I'd have to give St. Louis the slight edge, only because it usually takes much less games for a team to win the NL Central than it does for a team to win the loaded AL East. When the Cardinals won it all in ’06, they were a pedestrian 83-78 in the regular season, but they handled everybody including a 95-win Detroit Tigers team in the WS.

Boston has a much tougher road because of the obstacles they must conquer in solid Yankees, Orioles and Tamp Bay teams, as well as a Toronto squad that wouldn’t be in last place in most other divisions. But the tougher competition also leaves Boston often better prepared to defeat teams who have played lesser competition. Look no further than Boston's World Series record, 8-0 in their last two World Series. In fact, they swept the Cardinals in '04 and then crushed a red-hot, surprise Colorado Rockies team in '07. When the Bean Town Bashers get to this point in the season, they don't lose.

JAMES: This brings me to one of my biggest gripes with baseball, which we'll address quickly before getting into predictions: Divisions. How can you have teams finishing above .500 in fourth place in some divisions, while a .500 record is good for second in others? At this point, should MLB just get rid of 'em?

MOKE: Baseball is more stuck in tradition and unwilling to waver from it than the other major sports. While the NFL and NBA institute rule changes faster than Usain Bolt in a 20-yard dash, baseball prides itself on preserving the "old standard" of doing things.

At least they have added the Wild Cards, so that shows a willingness to alter the game plan when necessary (Mostly if it supplies new revenue streams for MLB). Imagine how teams like the 1985 Mets who won 98 games and got nothing because St. Louis won 101 games that season, or the 1980 Baltimore Orioles who won 100 games and still finished three games behind the Yankees, felt.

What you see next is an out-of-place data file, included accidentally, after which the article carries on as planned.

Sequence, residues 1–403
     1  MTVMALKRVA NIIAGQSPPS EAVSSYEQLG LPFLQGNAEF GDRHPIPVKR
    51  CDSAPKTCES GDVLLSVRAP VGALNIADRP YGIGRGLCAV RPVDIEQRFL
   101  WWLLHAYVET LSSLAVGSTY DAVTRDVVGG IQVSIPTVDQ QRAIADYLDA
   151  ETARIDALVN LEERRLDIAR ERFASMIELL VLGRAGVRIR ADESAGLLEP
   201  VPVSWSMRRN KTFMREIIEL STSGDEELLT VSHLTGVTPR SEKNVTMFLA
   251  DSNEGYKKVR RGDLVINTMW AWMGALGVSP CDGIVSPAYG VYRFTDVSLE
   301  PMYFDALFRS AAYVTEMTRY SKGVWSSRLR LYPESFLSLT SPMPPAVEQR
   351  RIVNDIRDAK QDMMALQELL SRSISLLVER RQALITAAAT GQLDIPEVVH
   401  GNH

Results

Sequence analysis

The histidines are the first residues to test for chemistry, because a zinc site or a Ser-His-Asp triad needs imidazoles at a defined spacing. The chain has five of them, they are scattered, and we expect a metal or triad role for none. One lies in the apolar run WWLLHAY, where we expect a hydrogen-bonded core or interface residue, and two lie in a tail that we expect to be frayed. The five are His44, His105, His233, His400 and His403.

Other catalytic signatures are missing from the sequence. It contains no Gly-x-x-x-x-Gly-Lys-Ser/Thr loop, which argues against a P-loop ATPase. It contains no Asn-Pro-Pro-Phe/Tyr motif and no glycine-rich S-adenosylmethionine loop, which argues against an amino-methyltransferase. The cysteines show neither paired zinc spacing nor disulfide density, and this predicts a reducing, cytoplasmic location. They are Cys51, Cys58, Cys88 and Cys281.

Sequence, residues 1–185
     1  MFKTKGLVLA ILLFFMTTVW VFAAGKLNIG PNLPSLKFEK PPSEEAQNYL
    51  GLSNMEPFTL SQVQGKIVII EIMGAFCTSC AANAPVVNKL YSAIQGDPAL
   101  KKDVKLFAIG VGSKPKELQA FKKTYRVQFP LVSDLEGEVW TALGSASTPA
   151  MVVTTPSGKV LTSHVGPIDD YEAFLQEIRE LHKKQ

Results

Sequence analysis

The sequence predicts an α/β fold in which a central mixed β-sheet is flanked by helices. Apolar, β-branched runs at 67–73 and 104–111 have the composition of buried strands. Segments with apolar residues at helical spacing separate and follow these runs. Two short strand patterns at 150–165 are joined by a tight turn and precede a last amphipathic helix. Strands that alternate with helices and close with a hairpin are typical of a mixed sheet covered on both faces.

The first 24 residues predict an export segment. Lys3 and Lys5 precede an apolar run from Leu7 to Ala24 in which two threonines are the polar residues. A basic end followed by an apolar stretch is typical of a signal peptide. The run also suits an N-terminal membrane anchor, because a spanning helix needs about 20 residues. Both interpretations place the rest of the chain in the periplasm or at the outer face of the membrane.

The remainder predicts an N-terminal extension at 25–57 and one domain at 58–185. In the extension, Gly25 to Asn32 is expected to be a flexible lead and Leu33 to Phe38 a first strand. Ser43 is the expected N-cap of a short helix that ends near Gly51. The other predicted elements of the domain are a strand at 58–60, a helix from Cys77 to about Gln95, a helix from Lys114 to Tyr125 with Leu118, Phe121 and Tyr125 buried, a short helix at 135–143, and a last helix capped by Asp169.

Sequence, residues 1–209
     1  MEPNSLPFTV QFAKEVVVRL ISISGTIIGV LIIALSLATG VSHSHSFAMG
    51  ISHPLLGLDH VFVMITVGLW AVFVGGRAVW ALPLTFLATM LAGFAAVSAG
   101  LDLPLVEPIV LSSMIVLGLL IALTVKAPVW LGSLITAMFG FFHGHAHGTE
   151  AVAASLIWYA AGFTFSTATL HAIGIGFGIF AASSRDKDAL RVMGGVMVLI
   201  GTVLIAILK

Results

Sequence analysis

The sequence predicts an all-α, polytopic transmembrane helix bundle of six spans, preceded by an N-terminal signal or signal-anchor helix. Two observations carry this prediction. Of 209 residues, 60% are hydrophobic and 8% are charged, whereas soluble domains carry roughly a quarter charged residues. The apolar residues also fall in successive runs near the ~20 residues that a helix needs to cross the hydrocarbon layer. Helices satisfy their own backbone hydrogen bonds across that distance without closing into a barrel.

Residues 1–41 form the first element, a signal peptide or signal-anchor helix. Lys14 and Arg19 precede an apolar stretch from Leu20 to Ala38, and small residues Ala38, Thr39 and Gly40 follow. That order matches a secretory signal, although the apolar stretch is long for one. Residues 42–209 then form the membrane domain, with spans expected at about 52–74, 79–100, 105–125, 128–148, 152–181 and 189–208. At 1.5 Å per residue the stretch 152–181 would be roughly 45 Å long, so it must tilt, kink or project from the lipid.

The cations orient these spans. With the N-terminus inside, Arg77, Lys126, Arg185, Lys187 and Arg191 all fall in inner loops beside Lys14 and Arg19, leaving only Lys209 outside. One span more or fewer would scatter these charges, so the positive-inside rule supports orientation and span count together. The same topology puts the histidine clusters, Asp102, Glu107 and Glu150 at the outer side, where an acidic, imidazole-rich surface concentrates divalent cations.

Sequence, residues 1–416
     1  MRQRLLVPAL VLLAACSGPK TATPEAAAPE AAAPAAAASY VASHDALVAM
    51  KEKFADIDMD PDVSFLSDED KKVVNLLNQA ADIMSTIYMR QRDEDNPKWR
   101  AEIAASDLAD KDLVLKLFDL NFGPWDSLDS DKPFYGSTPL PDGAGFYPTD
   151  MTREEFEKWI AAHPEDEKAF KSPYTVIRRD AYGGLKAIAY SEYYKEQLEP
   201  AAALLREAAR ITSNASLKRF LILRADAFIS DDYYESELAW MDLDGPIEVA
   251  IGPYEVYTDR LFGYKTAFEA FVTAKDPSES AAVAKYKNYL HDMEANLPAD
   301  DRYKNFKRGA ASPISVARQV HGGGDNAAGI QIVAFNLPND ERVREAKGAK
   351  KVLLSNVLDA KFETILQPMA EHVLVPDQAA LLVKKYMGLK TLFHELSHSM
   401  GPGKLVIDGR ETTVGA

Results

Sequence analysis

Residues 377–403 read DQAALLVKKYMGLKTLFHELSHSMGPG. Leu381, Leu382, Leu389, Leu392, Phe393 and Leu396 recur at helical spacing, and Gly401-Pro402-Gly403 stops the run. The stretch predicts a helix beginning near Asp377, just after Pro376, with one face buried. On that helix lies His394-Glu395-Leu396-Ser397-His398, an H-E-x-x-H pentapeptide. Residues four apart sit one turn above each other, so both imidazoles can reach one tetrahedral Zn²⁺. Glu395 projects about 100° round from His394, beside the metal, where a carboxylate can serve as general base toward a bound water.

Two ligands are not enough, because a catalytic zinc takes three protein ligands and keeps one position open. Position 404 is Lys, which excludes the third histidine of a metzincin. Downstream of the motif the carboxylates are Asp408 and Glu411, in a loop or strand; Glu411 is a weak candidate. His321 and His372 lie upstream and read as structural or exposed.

Probably like they won a date with a famous actress and Gabourey "Gabby" Sidibe showed up. I’m just saying…

Back then, fewer  teams made the playoffs so there were some disgruntled juggernauts who never saw the postseason.

I always thought it was a bit unfair that an 85-win team in a sucky division could go to the playoffs over a 95-win team in a loaded division, but that's baseball. Every fan thinks certain rules suck, especially when they’re team suffers because of it. To this day, Raiders fans despise the Tuck Rule and everything it once represented. The wheels of change move incrementally and sometimes not at all in baseball. It’s just a part of the game that makes it unique.

JAMES: I've never understood baseball's "it's a part of the game" phrase. Yeah…but it's a bad part of the game, so we should change it.

But let's wrap this up. Time to put your money where your mouth is. I'm taking the Cards in six, mostly because they have a stud rookie pitcher who you nicknamed Wacha Flocka Flames.

MOKE: Yeah, Wacha is a young gun that leaves teams stankin' on the mound. But how can you go against players who have never lost a World Series game in their careers. Outside of Babe Ruth, Big Papi is probably the most clutch postseason performer in the history of the game. I put him before Reggie Jackson and Derek Jeter. Boston has all of the pieces — the power, the clutch hitting, the pitching, and most importantly they led the AL in steals.

World Series games are often won and lost through run manufacturing and speed. See Boston in the ALCS against the Yankees in 2004. The Yankees led Boston 3-0 and then the mythical playoff bat of Papi Ortiz and a steal turned the entire series around.

St. Louis has some horses, and Carlos Beltran does deserve a WS ring, but only a fool would go against Papi, Pedroia and Co. in a World Series.

There's three things that are guaranteed in life: Aging, Death and Papi Ortiz crushing pitchers in the late-innings of meaningful October baseball. Bet against that if you want to.